Sikhism is the youngest of the world fifth great monotheistic religions. In 1801, the Sikh state was founded in Northern India by Maharaja Ranjit Singh. The word sikh' the Punjabi language means disciple' or learner'. Sikhs are the disciple of god who follow the writings and teachings of the ten Sikh guju's (teacher). The wisdom of these teachings in SRI GUJU GRANTH SHAIB is practical and Universal in their appeal to all mankind. Sikhism was founded by Shri Guju Nanak Dev Ji (1469-1538) who was born in the Punjab area of what now is Pakistan. Guru Nanak began his mission after a mysterious three-day disappearance at the river bein near Sultanpur. When he re-emerged, he announced that god was beyond outward religious distinctions and that what matter was to everyone to be a truly devout follower of his or her own faith. He is responsible for the saying "There is no Hindu; there is no Muslim" which has become one of the pillars of Sikhism. (Hopfe-189) He spent the rest of his life teaching, writing hymns which his muslim companion set to music, and traveling as far as Srilanka, Baghdad and Mecca to discuss religion with Muslims and Hindus. He preached a message of love and understanding and criticized the blind rituals of the Hindus and Muslims. (Borak 53-55) Guru Nanak passed on his enlightened leadership of this new religion to nine successive Gurus. The final living Guru was Guru Gobing Singh who died in 1708. During his lifetime Guru Gobind Singh established the Khalsaorder, soldier saints. The Khalsa uphold the highest Sikh virtues of commitment, dedication and a social conscious. The Khalsa are men and women who have undergone the Sikh baptism ceremony and who strictly follow the Sikh code of conduct and convention. Khalsa Sikhs show their commitment by wearing five religious symbols, known as the "Five Ks": 1.KESH, or uncut hair;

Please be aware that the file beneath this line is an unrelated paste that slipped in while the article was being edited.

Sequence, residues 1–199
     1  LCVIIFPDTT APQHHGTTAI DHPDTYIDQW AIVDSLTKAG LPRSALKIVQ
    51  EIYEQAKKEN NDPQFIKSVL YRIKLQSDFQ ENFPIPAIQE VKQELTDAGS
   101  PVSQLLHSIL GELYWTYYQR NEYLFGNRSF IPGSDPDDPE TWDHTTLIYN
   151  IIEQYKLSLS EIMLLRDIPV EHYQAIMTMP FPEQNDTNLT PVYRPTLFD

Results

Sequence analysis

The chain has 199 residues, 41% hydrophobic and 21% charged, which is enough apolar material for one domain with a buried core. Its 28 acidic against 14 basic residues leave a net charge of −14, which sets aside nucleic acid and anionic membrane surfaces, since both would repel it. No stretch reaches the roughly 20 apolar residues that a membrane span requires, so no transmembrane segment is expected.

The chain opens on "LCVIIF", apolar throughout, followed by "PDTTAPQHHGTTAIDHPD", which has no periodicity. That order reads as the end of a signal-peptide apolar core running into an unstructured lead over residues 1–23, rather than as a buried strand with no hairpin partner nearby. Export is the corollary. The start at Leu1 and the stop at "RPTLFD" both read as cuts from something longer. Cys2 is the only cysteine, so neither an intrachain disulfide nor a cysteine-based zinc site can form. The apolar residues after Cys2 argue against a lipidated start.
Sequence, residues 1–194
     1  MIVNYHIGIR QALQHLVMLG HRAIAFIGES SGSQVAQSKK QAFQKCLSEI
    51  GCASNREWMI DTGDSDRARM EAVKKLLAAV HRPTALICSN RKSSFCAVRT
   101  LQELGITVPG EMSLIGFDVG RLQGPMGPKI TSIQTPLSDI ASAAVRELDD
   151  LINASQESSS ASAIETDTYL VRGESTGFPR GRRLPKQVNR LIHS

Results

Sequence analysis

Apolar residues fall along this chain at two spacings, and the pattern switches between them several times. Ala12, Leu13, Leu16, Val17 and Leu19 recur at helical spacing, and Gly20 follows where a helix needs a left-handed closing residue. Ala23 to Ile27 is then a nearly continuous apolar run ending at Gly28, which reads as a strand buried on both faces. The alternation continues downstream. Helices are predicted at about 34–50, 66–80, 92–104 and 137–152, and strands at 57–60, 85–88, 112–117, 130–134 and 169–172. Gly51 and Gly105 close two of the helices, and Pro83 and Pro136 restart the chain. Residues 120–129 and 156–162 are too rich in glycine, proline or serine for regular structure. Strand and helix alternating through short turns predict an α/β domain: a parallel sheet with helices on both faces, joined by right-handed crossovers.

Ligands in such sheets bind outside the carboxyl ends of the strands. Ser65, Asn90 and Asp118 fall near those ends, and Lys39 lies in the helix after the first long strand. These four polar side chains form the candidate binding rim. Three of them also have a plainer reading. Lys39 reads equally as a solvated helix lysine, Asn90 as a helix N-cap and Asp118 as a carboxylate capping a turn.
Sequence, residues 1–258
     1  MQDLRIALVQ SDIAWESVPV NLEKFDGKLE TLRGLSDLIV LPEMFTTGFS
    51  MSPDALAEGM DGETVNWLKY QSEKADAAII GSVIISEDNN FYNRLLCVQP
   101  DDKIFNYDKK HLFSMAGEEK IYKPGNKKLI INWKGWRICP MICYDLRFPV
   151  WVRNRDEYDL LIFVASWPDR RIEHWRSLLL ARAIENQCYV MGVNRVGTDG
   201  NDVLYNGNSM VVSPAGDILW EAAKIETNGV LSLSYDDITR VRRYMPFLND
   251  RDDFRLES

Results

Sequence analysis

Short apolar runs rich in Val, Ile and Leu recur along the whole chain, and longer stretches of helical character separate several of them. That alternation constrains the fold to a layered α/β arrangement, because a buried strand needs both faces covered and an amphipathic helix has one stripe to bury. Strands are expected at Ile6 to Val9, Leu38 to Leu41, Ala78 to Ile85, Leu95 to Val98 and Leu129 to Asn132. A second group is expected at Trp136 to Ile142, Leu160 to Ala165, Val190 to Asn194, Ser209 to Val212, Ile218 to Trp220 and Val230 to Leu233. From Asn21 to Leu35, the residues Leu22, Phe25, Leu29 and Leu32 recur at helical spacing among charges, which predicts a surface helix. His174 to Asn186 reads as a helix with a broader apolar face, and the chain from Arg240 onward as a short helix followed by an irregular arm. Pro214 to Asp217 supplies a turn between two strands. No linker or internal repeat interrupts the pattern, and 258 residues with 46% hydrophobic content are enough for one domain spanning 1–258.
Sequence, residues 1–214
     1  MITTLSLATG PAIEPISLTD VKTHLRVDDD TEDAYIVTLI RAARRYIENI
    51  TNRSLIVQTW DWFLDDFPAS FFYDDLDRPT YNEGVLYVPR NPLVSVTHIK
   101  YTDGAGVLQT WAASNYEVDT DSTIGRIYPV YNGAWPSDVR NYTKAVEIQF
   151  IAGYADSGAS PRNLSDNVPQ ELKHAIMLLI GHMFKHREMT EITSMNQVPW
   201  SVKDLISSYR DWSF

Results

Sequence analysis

2.KANGA, or comb;
3.KACCHA, a short baggy undergarment;
4.KARA, a steel bangle;
5.KIRPAN, a short sword. ("The...
Cited: Borak, Lucius, CFS. Religions of the East. Kansas City: Sheed and Ward, 1988
Hopfe, Lewis M. Religions of the World. New York: Macmillan Publishing, Co., 1991
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